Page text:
Former Employees Allege Non-Solicitation Clause Was Too Vague To Be Enforced
Most people may think of employment contracts as agreements that govern a relationship between an employee and employer for the duration of that working relationship. However, some employment contracts have clauses that affect the parties beyond the end of the employment relationship. One such type of clause is the non-solicitation agreement, which typically prevents an employee from “stealing” or “poaching” customers away from their former employer. Of course, as we often see in employment contracts, the language of the clause plays an important role in determining the enforceability of such clauses. The Court of Appeal for Ontario recently issued a decision concerning a non-solicitation clause that the employees had argued was too broad.
The employment relationship
The employees were each hired by two companies, addressed collectively as “MD.” Employee 1 was hired in 2003 and Employee 2 was hired in 2005. Their jobs were to provide financial services to MD’s clients, who were primarily physicians. They each signed a non-solicitation agreement which read as follows:
Non-Solicitation. The Employee agrees that the Employee shall not solicit during the Employee’s employment with the Employer and for the period ending two (2) years after the termination of his/her employment, regardless of how that termination should occur, within the geographic area within which s/he provided services to the Employer.
“Solicit” means: to solicit, or attempt to solicit, the business of any client, or prospective client, of the Employer who was serviced or solicited by the Employee during his/her employment with the Employee.
Both employees left MD in 2013 to join a competitor. On their first day at work with the new employer, they each wrote out, from memory, a list of MD’s clients that they had serviced while working for MD. They began phoning these clients.
The trial and appeal
The trial focused on whether the non-solicitation clause was enforceable. It did not address damages. After eight days of testimony as well as written and oral submissions, the trial judge came to the conclusion that the employees had breached the non-solicitation agreement. The new employer was also held vicariously liable for the breach.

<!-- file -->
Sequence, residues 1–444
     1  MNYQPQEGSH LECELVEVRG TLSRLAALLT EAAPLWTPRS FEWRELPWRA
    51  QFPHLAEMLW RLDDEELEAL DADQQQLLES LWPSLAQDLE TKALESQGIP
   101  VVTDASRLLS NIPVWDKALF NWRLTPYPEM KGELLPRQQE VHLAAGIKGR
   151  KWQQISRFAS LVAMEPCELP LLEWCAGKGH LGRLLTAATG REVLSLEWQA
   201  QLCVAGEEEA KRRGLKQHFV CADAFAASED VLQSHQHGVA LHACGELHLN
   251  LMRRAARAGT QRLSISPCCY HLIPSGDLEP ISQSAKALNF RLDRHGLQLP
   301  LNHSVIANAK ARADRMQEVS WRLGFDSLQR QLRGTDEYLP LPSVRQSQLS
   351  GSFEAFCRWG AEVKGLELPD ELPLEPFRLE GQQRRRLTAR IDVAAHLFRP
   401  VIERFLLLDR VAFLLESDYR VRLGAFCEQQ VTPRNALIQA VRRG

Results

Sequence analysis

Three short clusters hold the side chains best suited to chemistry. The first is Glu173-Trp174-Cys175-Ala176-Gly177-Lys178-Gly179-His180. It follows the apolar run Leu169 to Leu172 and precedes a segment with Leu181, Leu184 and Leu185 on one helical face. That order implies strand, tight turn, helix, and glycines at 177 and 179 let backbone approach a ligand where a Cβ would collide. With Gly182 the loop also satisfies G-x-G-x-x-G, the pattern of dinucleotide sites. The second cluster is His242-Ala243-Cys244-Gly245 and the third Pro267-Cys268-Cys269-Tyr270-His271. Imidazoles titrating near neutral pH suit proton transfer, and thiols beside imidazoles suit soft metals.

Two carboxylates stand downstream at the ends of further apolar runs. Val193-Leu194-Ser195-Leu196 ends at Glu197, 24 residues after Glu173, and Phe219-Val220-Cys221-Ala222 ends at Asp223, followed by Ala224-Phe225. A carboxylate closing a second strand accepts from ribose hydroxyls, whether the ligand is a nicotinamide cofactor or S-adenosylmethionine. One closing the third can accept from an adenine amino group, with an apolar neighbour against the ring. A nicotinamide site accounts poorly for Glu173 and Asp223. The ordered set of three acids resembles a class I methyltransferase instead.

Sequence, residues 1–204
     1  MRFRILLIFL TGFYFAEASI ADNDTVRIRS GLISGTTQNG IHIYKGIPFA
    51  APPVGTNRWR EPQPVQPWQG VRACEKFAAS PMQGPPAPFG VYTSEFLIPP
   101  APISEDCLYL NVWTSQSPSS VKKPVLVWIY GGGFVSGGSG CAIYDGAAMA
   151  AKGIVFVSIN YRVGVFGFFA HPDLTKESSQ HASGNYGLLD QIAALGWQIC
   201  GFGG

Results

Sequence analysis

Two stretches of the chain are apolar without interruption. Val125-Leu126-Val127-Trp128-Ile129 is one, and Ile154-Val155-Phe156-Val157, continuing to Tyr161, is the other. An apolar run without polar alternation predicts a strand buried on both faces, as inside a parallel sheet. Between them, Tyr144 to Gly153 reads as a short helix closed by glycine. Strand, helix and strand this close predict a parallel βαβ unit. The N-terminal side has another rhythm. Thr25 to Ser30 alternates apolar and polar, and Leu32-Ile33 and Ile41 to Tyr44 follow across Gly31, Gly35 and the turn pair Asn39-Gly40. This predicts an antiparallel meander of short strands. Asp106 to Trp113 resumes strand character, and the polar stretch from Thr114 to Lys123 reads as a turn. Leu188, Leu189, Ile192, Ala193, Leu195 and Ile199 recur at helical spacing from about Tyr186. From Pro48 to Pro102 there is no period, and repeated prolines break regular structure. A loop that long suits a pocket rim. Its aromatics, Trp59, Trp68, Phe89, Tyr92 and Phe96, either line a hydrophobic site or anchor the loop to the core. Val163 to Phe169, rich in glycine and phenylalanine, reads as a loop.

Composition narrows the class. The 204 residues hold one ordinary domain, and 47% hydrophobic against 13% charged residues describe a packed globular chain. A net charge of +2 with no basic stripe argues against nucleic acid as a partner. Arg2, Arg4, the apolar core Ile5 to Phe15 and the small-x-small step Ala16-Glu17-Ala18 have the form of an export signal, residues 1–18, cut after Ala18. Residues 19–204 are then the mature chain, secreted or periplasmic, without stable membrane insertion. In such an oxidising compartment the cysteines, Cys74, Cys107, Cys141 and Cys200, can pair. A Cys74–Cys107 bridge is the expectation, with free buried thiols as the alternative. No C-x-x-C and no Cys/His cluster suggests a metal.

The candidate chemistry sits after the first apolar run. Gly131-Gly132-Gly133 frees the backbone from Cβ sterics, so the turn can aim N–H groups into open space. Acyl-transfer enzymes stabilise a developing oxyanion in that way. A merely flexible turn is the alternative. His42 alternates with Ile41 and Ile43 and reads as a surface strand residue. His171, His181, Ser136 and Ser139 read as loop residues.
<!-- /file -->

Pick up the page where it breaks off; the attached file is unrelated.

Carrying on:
The employees appealed on the grounds that the trial judge applied the wrong legal principles to the enforceability of the restrictive covenants and non-solicitation clauses in an employment law context. They alleged the agreement was too ambiguous in terms of the word “solicit” as well as its geographic scope, which clients were applicable, and the length of the restriction.
The court disagreed with the employees. The opened its analysis by stating “the meaning of the word ‘solicit’ is obvious.” The court did not believe the employee’s testimony that the calls made to former clients were simply “courtesy calls.” The court found the calls o have been made with a view to bring the clients to the new employer, following a pre-determined structure.
The test for the enforceability of a non-solicitation clause is laid out in a 1978 Supreme Court of Canada decision. The court determined that the employer is a “specialized company dealing with physicians and has a property interest in ensuring that its business is not used by financial planners to take customers away from it.” The court held the policy to be reasonable in terms of the public interest, in that it protects the employer without unduly compromising its employees. Furthermore, the two year term was not ambiguous either. Finally, the proscribed activities and geographic scope were found to have been clearly defined by the agreement. The employees “were not to solicit the business of clients or prospective clients they had serviced or solicited while employed by the respondents for a period of two years after they left MD’s employ.”
The appeal was dismissed and costs were awarded to the employer.
The experienced employment law team at NULaw help employers draft clear, concise, contracts, designed to keep parties out of the courts. We also help both employers and employees understand their rights and obligations under employment contracts. Please reach out to us online or at 416.481.5604 if you are an employer looking to draft clear contracts, or an employee or employer involved in an employment law issue.